NACHA, the Electronics Payments Association, announced yesterday that its membership banks have approved a proposal that will enable same-day settlement through ACH for consumers and businesses among 12,000 financial institutions in the U.S.
The finalized rules represent a major overhaul of the decades-old automated clearinghouse network, which serves as the backbone for domestic payments, supporting 90 percent of the total value of payments in the US.
Today, ACH settlement occurs once overnight in batches. The new plan, which will be implemented in three phases by 2018, introduces two same-day settlement windows:
Same Day ACH will build upon existing, next-day ACH Network capabilities and establish a new option for same-day clearing and settlement via ACH. Under the rule, two new same-day settlement windows will be added to the ACH Network, increasing the movement of funds between financial institutions from once each day to three times each day. The rule also requires that all Receiving Depository Financial Institutions (RDFIs) receive same day transactions and provide faster funds availability to customers. Additionally, the rule establishes the methodology for a Same Day Entry fee as a mechanism for RDFIs to recover some of their costs for enabling and supporting mandatory receipt of same-day ACH transactions.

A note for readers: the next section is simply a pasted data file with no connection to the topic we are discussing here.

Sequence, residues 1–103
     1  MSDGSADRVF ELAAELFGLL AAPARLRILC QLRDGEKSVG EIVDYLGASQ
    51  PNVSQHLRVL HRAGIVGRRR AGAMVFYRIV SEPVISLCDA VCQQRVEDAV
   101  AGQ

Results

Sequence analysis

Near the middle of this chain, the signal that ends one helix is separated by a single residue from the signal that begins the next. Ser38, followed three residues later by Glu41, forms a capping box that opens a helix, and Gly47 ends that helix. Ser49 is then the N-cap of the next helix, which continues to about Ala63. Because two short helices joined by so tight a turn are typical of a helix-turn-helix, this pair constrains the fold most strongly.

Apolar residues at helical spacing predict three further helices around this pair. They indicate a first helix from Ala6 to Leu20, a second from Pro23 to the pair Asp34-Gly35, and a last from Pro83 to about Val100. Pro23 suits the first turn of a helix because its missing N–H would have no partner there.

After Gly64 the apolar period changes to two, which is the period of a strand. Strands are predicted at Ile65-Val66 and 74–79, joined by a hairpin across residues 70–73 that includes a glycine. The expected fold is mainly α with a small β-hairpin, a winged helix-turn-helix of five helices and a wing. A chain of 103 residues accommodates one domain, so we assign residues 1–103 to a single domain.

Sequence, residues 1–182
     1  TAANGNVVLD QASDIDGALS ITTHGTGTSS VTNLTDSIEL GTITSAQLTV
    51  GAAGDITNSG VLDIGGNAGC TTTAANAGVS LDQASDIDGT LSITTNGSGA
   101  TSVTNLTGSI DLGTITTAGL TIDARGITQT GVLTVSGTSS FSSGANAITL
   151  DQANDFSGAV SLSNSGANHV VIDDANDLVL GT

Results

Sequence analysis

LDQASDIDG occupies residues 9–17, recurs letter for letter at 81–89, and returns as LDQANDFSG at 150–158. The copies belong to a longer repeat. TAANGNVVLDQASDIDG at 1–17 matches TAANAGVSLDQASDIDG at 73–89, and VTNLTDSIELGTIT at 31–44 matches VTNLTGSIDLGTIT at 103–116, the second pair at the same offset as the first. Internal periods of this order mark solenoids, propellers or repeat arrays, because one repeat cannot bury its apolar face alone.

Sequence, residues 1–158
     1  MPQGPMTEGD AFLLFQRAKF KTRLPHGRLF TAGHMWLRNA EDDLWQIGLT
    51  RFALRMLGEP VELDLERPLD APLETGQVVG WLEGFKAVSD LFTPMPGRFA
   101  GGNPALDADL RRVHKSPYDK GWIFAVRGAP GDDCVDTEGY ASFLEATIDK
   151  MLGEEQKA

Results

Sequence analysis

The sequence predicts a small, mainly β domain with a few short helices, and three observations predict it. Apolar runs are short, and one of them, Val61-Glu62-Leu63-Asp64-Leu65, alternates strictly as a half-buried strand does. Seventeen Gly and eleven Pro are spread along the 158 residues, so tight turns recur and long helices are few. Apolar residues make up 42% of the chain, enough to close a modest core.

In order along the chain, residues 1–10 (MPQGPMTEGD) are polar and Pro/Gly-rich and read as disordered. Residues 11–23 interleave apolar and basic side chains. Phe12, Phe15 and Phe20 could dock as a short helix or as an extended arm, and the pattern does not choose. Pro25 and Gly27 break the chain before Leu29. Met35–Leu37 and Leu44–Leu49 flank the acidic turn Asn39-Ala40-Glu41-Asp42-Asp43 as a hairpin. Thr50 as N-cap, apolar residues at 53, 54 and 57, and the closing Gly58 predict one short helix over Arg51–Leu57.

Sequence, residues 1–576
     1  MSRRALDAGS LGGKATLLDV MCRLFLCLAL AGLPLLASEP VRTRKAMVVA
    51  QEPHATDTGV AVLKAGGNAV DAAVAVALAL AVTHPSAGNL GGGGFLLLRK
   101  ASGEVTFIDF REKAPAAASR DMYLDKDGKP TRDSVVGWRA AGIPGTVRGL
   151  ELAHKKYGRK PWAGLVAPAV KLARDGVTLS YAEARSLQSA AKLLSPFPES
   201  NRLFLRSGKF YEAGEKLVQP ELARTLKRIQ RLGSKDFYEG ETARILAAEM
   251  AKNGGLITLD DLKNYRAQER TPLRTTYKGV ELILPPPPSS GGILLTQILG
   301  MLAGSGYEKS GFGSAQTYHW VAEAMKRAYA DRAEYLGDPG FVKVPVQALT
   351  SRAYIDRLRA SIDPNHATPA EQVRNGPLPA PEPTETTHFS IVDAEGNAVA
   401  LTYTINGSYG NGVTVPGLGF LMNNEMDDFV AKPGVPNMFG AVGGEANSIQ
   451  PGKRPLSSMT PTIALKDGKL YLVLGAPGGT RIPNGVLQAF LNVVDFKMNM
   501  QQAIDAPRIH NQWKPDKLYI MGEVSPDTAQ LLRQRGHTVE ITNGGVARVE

“The financial services industry has come together through private-sector rulemaking to increase the speed of payments,” said Janet O. Estep, president and CEO of NACHA. “Same Day ACH serves as an immediate action the industry has undertaken to modernize the payments system, and creates a building block for a variety of products and services. Same Day ACH creates value for end users through the certainty of its reach to all bank accounts in the U.S.”
NACHA’s same-day plan is a huge step forward toward modernizing US payments, an arduous task that NACHA’s membership should be commended for passing. The final vote reinforces the notion that collectively, the country’s financial institutions are committed toward reaching faster, smarter settlement.
The end goal, of course, is real-time settlement, something that other countries like the UK, Mexico, and Sweden have already achieved.